Global scope with local implications
Practices and motivations relating to energy use, and other natural resources, have become more and more important in people’s lives for many reasons, ranging from finances to the environment. At the same time, we use more and more devices that need to be powered and we often become quite personally attached to them. This complex hodgepodge of issues plays out in very different ways in the personal lives and attitudes of people around the world.
The aim of design research projects in this area is to develop concepts for consumer products and services with a longer term goal of understanding consumers’ practices and motives around sustainable life. Research focusses on analysing how people around the world cope with mundane daily activities associated with their devices. And, how they think about related bigger issues, such as energy usage and the consumption of natural resources.
Maintaining the global focus while being open to cross-cultural differences requires a great deal of planning and the networked collaboration model adopted by Reach ensures a balanced approach.
This project was a collaboration across Japan, UK and US, with a focus on people’s attitudes towards ‘green’ living. Commissioned by a global electronics company, with the main client team based in Japan, STBY and former Reach partner Portigal Consulting closely collaborated on this design research project. The aim of the research was to generate insights and opportunities that could inspire new concept development for the client’s US-based target audience.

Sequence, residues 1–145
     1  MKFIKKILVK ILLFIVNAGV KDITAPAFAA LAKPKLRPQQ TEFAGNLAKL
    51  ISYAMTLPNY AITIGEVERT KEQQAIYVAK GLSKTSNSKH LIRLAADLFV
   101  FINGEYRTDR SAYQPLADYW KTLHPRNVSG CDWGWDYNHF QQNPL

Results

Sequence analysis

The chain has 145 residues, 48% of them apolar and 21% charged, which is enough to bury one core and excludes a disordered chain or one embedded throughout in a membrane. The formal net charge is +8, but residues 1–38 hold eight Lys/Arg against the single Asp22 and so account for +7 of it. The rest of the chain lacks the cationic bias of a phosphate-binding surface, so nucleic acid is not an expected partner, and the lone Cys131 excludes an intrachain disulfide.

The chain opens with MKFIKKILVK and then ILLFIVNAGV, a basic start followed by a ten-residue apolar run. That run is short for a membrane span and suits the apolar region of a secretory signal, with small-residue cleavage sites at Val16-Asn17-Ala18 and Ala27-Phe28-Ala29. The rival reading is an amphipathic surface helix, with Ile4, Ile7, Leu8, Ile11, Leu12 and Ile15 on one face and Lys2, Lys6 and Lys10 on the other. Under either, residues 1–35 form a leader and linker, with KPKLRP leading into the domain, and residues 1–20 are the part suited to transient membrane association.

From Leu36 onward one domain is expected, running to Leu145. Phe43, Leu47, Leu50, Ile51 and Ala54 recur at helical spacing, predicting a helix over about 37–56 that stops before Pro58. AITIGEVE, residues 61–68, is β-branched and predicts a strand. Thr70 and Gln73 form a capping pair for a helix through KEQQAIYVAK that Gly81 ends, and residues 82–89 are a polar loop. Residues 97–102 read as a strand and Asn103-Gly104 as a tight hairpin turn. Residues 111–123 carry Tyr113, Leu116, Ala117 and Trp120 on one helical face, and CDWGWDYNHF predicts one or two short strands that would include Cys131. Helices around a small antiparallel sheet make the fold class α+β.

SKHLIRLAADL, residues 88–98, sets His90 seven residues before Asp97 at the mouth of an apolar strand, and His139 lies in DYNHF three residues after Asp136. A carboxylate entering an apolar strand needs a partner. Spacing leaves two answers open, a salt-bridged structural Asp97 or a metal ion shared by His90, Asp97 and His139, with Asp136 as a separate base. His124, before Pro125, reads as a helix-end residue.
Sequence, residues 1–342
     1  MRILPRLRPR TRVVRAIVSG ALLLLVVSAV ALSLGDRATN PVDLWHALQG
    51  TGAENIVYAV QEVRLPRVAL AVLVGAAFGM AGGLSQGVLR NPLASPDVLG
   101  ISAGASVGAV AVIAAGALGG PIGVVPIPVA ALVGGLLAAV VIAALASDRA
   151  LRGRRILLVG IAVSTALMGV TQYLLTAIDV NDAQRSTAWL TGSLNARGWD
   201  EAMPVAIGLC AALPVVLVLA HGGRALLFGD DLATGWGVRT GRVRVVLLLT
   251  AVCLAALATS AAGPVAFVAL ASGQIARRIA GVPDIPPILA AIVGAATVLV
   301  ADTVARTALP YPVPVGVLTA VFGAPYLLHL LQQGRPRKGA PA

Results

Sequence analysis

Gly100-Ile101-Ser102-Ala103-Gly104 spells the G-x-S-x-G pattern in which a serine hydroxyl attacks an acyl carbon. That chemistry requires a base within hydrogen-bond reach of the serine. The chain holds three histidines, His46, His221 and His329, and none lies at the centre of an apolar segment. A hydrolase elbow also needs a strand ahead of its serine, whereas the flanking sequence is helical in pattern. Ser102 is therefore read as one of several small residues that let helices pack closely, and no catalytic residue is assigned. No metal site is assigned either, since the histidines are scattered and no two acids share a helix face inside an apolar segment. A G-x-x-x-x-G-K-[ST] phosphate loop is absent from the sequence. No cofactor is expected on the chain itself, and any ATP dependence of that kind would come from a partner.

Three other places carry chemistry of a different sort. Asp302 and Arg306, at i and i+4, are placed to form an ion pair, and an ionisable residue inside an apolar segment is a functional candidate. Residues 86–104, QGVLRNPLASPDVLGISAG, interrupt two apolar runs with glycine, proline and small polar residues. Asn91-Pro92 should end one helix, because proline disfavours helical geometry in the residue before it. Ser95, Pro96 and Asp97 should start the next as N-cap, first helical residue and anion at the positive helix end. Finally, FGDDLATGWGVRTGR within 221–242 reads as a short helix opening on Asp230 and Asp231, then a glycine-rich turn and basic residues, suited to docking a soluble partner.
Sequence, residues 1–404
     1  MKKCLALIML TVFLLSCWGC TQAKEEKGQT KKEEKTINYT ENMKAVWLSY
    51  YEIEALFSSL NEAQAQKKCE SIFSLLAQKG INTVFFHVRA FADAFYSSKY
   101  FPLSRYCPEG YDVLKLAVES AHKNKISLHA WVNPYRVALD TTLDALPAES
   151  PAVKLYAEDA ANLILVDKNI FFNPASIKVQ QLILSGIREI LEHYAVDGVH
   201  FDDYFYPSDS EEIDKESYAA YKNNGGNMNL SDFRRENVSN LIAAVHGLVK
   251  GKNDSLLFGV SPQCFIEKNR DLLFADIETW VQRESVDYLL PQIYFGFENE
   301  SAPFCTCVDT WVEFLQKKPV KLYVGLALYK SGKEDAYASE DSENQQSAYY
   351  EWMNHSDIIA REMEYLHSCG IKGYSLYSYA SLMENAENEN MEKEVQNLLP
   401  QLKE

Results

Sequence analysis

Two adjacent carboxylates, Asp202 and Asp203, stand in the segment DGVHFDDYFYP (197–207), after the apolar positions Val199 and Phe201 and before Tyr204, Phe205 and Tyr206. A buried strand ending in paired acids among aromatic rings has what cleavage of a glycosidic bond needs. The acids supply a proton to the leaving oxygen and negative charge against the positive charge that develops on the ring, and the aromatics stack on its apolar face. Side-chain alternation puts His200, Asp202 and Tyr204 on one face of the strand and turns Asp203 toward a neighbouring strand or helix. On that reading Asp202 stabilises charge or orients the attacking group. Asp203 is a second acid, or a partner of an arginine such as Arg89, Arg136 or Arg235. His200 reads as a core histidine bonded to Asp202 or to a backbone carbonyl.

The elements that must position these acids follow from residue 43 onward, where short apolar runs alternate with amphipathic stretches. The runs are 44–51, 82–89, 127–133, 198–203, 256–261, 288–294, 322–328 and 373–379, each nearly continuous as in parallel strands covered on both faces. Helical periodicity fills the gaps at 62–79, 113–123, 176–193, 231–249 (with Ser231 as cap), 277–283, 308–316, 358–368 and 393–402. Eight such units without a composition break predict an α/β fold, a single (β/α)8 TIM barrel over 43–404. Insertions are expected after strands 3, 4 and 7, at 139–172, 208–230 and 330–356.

The fieldwork and concept creation workshops were jointly done in California, with the client team present. To communicate the observations from the field in a strong, empathic way, the approach Reach employed was to create short films on location, where participants interacted with probes that served as stimuli for speculative conversations. The results of the fieldwork were analysed and mapped onto a framework that described the process of behavior change that people go through when trying to live a more green life. This detailed framework became valuable because it could also accommodate concepts that were in development; thus making a connection between the concepts and people’s everyday struggles with ‘going green.’
In this case, design research was instrumental in performing two roles: First it played a generative role, in inspiring and enriching concepts, and helping to develop ideas out of contextual knowledge gained from people in the videos. Secondly, it was validating, research served as the evidential foundation upon which new concepts could be compared and measured.
Charging Up around the globe
This global study took place in 11 countries, so a large part of the Reach network participated in it: Brazil (Feel the Future), China (Apogee), Denmark (Antropolorne), Germany (minds and makers), Hungary (fuelfor), India (Quicksand), Japan (Spur), Netherlands (STBY), France (IDSL), Spain (fuelfor) and USA (Portigal Consulting).
The focus of this study was on better understanding how people use electricity and how they think about their energy use, with a specific focus on charging devices. The data repository for this global study triggered a long list of insights, pointing towards several opportunity areas and ideas for industries related to energy use and sustainability.
During the project we worked with an energy supplier based in Europe. Other companies and organizations have later also benefited from the research materials and consumer insights.